30 December 2012

orvieto part one

[june 23rd-24th]

And so I got up the next morning and just kept living my life, because kidney infections are to me what bronchitis is to Sweet Brown.
It was incredibly frustrating, though, to be so exhausted. I couldn't find a taxi driver to take me to the train station, because it would only have been a few minutes by car. Naturally, this meant I could be found standing in the street, screaming obscenities at taxis.
My good luck charm Shelly and me on our train
But of course I eventually arrived in Orvieto. It's an amazing town on the top of a cliff made of tufa, a type of volcanic stone. Tufa is a relatively soft stone, so there's a network of caves running underneath Orvieto. It's also the site of one of Italy's most spectacular cathedrals. Just tons of history.

I met other three tutors--Emma from England, Amanda from Wales, and Ed from Georgia. They'd all been working together for a bit at other camps, but were incredibly fun and welcoming. That first night, Ed and I were without host families for a little bit, so we each got our own room at a hotel in town, and got to wash up for an informal tour and outdoor party.
The dream team.
Later that night, I met my host family. They lived in an old, probably medieval, apartment home in a building which had once been an orphanage, complete with its own chapel-turned-living room. The stone walls were over a foot thick in some places. Unfortunately, this meant that the wifi signal emanating from the living room didn't reach my bedroom ten feet away. A small price to pay, however, to be living in such a beautiful and historical apartment overlooking the main street of the town, Corso Cavour.

On Sunday, my host family took me to their grandparents' home, which was a short walk through town. As always, rumors of my vegetarian ways had preceded me, and the grandmother had a special lasagna prepared for me. First of all, this was the first time I can remember eating lasagna at all in Italy, and secondly, it was made with red sauce and PEAS. And it wasn't bad. Kinda reminded me of when I was a kid and my grandmother would throw frozen peas into our mac n cheese to get us to eat our vegetables.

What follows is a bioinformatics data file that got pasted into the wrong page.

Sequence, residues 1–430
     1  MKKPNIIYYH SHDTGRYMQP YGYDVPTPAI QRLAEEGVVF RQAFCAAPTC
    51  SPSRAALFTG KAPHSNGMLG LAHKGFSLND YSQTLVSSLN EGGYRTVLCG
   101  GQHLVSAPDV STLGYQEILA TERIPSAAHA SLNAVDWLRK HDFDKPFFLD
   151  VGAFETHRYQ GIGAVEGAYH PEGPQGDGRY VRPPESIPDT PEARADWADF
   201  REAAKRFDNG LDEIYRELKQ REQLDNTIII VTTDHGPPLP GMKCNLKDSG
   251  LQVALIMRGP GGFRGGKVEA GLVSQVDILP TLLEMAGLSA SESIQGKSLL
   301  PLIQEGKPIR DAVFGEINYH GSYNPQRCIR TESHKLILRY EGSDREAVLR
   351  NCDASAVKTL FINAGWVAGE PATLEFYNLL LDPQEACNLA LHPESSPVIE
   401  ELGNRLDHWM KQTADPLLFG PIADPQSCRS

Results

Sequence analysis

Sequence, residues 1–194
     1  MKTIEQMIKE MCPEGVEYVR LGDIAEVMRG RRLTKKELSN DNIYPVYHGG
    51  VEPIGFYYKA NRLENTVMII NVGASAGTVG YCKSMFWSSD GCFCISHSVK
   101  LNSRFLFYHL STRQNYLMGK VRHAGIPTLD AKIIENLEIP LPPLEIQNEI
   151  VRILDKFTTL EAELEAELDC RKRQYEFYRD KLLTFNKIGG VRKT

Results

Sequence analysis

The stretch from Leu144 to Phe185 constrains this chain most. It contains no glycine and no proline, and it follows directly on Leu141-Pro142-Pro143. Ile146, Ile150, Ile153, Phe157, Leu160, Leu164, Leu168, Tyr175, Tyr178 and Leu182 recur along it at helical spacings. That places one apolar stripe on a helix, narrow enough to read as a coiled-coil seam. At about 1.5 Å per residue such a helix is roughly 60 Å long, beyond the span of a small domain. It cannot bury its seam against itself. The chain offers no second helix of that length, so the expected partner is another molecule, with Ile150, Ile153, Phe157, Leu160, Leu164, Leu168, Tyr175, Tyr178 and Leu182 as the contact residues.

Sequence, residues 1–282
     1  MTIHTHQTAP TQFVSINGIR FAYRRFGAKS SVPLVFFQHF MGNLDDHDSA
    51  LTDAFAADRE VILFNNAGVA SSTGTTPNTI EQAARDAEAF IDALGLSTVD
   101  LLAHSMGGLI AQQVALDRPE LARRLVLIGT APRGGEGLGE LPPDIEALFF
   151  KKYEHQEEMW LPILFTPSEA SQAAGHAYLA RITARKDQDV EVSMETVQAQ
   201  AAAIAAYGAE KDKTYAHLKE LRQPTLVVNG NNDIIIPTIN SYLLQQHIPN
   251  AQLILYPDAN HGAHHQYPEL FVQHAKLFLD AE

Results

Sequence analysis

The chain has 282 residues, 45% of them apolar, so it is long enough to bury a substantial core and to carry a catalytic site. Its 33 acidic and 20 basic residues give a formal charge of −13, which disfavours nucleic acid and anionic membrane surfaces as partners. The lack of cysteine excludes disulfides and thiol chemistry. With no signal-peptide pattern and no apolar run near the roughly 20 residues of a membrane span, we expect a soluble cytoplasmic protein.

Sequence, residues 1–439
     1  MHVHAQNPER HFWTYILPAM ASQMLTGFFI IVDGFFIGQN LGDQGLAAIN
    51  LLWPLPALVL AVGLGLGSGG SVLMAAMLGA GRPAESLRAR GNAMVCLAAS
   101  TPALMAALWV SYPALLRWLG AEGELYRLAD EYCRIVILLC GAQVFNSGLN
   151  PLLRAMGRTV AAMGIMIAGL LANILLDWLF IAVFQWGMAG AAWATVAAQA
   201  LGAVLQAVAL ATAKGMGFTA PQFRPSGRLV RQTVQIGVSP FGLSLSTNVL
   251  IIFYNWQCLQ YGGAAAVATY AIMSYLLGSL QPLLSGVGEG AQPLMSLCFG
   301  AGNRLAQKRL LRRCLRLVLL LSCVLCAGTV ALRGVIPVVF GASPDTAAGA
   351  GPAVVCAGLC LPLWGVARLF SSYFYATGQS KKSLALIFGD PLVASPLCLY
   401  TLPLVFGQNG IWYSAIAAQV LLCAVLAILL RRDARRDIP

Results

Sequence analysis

With Anna in front of the Palazzo del Capitano del Popolo
After that, I walked around town a bit more with Anna, my little sister for the week. I learned that not only was my temporary home right off the main street of town, but less than a minute's walk the other way from one of Orvieto's most important attractions, Il Palazzo del Capitano del Popolo, or the Palace of the Captain of the People. The Captain of the People was kind of like an emergency mayor who would take charge in the event of an invasion, I believe. He would work together with the bishop of Orvieto, and sometimes the pope, who had a residence there for a while. Oh, did I not mention that? Tons of history in Orvieto. Now, the old building is used like a convention center or town hall.

That night, my host family went to a friend's house for a World Cup watch party. I stayed in, but my host mother prepared me a feast. You can't even see everything she made me, because I left some of the tupperwares and platters covered for the photo below.